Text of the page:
Yes, there are other telecoms and they are not innocent. But sometimes you just want to aim at the head of a snake.

Spam calls are not just an annoyance. We should not have to go to lengths to block, screen, or otherwise avoid these intrusions into our lives. At one time, with landlines and later for unlisted cell phones, unasked for intrusions were illegal. They could be again. Perhaps it’s time for a person of authority to take an interest.

Free speech, you say? Nothing is free in a market economy. Spammers have just shifted the cost onto  me. They call my phone again and again and again, running down my battery and stealing my attention. I’d like it to stop. Time is money, and I don’t have enough of either one.

Oil men put Santa in chains

By Erik Dolson

Merry Christmas.

It’s that time to turn away from the scourge of Trump and look for kinder, gentler souls. Recent news gives us many candidates, but we’ve heard enough about foreigners with names like Putin or Erdoğan or Assad.

Fortunately, we can focus much closer to home on Gary R. Heminger, Chairman and CEO of Marathon Oil, and the Koch brothers, David and Charles,

These oligarchs are or soon will be responsible for killing thousands of innocent people around the world, many right here in the U.S. These three, especially, are attempting to get Americans to burn an additional 300,000 to 400,000 barrels of oil per day. Read more…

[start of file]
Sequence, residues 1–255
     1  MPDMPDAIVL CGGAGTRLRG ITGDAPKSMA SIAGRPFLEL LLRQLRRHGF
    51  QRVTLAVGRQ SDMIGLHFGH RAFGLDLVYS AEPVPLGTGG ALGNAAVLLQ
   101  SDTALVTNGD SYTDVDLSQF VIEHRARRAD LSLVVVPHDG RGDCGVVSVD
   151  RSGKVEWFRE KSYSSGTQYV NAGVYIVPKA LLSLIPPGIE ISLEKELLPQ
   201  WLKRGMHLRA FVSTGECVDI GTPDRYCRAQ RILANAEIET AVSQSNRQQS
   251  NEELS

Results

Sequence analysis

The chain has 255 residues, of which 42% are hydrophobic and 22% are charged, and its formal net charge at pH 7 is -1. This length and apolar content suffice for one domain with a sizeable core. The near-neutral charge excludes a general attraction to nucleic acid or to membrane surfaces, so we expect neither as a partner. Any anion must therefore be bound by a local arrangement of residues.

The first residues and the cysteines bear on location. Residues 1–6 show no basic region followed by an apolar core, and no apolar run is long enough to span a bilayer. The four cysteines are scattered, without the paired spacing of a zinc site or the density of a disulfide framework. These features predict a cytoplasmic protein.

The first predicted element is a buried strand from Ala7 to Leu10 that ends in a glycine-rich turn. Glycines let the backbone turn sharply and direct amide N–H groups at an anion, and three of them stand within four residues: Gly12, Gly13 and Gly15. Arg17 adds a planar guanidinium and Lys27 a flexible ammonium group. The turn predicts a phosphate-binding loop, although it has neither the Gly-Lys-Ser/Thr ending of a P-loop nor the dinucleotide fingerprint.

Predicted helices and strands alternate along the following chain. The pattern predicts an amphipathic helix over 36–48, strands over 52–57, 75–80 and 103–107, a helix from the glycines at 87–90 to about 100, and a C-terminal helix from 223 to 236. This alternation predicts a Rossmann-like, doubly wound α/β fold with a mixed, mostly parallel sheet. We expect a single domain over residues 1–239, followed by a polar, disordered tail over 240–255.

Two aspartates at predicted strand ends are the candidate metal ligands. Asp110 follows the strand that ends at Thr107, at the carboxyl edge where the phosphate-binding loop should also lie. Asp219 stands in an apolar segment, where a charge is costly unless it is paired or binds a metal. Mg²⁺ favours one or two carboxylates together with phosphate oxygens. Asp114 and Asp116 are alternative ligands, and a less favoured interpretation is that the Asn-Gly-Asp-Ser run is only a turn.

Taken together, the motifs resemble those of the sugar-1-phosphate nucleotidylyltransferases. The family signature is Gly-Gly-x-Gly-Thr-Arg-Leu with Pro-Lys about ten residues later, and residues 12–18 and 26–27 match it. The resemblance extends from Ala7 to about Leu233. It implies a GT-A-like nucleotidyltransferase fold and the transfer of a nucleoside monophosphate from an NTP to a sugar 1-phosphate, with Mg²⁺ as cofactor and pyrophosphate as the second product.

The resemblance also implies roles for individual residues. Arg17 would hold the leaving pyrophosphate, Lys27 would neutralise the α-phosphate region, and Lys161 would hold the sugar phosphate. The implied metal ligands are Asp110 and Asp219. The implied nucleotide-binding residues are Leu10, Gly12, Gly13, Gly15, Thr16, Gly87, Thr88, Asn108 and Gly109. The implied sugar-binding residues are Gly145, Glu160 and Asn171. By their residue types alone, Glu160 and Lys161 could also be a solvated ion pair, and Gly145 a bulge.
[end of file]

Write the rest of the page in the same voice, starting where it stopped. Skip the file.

By Erik Dolson

Humor is how we communicate our intelligence.

Humor depends on something being out of context, that does not fit into “its” pattern.

Only a Brain that knows the pattern can tell when something does not fit.

Explaining a joke is not funny. Explaining “why”  fits the something into another pattern. Those of similar brains who see similar patterns just “get it.”

Pieces out of context are not always funny. Chaos can be terrifying. Clowns.

Do animals laugh?

Of course, when someone does something out of context that they see as funny.

Will machines ever laugh?

Of course, but we’ll never know why it happens.

We won’t get the joke.

Machines explaining it to us won’t be very funny.


By Erik Dolson

There are patterns in the Universe.

The Brain is a pattern-recognition organ.

Universe rewarded genes that produced Brain.

Because Universe has patterns, Universe has Brain. A universe with no patterns, no physics, no gravity, no stars, of Entropy and alone, could have no Brain. A universe without brains could have no patterns. If Brain, then patterns. If patterns, then Brain.

But our Universe has physics. Intelligence is inevitable.

We are not the apex. We are not the only brains.

Humanity occupies a point so small as to be nearly invisible, an instant of infinitesimal flicker in an expanse so eternal and infinite we can not fully comprehend.

Universe does not care. Others are rewarded.

Because there are patterns.

There will always be Brain. Intelligence is inevitable.